The city of Mandan is not accepting any new mural permit applications or enforcing its mural regulations until a federal lawsuit has concluded or city officials approve a new ordinance.
Lonesome Dove owners Brian Berube and August Kersten filed a lawsuit in May over a Western-themed mural outside their bar that the city ordered removed, stating the city's enforcement stifles free speech.
U.S. District Judge Daniel Hovland issued an order to protect the mural until a preliminary injunction hearing, which was canceled earlier this month after both parties met and agreed to continue settlement negotiations.
The city has agreed to not enforce its mural guidelines against the Lonesome Dove "and others" for the duration of the lawsuit, or once the city approves a "constitutionally sound" ordinance, U.S. Magistrate Judge Clare Hochhalter wrote in his July 11 order.
City Planner John Van Dyke said the city also will not accept any mural permit applications until the lawsuit is completed or until the city decides to pass a new ordinance, which would not occur before fall.
Van Dyke declined to answer questions about the city not enforcing its mural regulations or working on a new ordinance, citing ongoing litigation.
"The city has recently filed its answer and jury demand in federal court in which it denies plaintiffs’ lawsuit claims of constitutional violations and preserves all of its legal defenses to those claims," Van Dyke said in an email.
An attorney with the Institute for Justice who is representing Berube and Kersten said the judge's order allows people to freely put up murals.
"The right to put up a mural is the right to free speech; it's protected by the Constitution, and the government doesn't get to play art critic," attorney Robert Frommer said.
The city commission in January agreed to impose a mural moratorium while the city works to draft a new ordinance. The moratorium was in effect for six months, but it appears the ban now continues due to the Lonesome Dove lawsuit.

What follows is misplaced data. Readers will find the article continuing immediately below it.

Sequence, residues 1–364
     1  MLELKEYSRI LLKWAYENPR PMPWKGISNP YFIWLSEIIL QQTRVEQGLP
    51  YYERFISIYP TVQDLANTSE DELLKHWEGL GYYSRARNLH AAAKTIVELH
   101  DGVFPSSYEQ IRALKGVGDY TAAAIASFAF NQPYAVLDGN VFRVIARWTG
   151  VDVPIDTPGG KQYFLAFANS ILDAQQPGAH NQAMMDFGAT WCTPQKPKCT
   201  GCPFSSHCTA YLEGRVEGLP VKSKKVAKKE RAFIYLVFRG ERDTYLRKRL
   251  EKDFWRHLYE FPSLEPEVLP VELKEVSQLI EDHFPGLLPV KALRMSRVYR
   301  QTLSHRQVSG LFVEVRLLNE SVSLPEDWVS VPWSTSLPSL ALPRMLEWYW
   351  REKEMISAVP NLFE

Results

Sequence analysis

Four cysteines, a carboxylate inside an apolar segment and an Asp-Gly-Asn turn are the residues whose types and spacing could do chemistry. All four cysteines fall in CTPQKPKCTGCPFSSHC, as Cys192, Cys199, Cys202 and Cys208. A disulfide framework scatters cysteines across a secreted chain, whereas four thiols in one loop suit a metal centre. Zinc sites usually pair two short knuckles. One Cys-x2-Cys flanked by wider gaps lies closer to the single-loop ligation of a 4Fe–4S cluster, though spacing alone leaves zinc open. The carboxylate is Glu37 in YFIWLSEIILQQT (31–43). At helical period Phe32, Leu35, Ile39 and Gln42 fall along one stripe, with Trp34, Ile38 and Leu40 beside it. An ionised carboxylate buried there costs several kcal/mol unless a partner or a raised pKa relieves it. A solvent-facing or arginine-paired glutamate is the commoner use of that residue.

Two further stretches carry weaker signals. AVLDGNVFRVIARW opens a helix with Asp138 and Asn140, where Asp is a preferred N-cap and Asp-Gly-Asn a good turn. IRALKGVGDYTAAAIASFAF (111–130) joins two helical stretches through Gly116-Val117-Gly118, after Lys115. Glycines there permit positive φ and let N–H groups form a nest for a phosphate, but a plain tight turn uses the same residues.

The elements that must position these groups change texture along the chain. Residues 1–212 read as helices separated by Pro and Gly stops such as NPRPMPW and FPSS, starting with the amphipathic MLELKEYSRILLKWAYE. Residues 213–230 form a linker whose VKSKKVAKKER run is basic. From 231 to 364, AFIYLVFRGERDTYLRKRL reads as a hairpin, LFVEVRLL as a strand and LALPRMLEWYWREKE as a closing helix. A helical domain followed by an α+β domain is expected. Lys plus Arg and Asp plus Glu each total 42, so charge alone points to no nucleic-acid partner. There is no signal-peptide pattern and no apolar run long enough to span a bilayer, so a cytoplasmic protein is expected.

Erica Smith, of the Institute for Justice, said she was pleased to hear the judge's order protects not only Lonesome Dove's mural, but other businesses as well.
"We're hoping that the city will enact mural regulations that allow everyone in the city to speak freely," she said.
You have free articles remaining.
Many Visions Apparel at 100 Second Ave. NW was ordered to remove its mural in February because the mural didn't comply with city ordinance and is on the front of the store.
Store owner Bobby Cochran said he didn't know the city wasn't enforcing its mural regulations because of the Lonesome Dove lawsuit and had "stopped worrying" about city enforcement.
Cochran was given a date to remove the mural but received an extension due to cold weather. He said he hasn't heard anything from the city since and doesn't plan to take the mural down.
"It honestly made me want to move out of town completely," said Cochran, whose store has been in Mandan for a little more than a year.
If he's ordered to remove the mural again, Cochran said, he'll hire an attorney.
While Cochran and the owners of Lonesome Dove argue that the city's ordinance is unconstitutional, artist Melissa Gordon said she believes it maintains a purpose.
"I think (Mandan) encourages art. It's just, if you don't have rules and ordinances in place, people are going to start pushing the boundaries," said Gordon, who has been asked by the city for her input on proposed ordinance changes.
Gordon has painted nine murals in the Mandan area, both indoors and outdoors, including at Mary Stark Elementary School, Bearscat Bakehouse and the tornado shelters at Harmon Lake.
She said artists "need to be responsible" and aware of what mural regulations exist in the cities in which they work.
Gordon said she's disappointed the owners of Lonesome Dove and the city weren't able to compromise prior to going to court. She has a couple of projects planned in Mandan, but they've been put on hold because of the lawsuit.
"It's frustrating," she said, adding that murals potentially won't be allowed in the city until the fall, when it's too cold to paint.
The Lonesome Dove case is set to go to trial in 2021.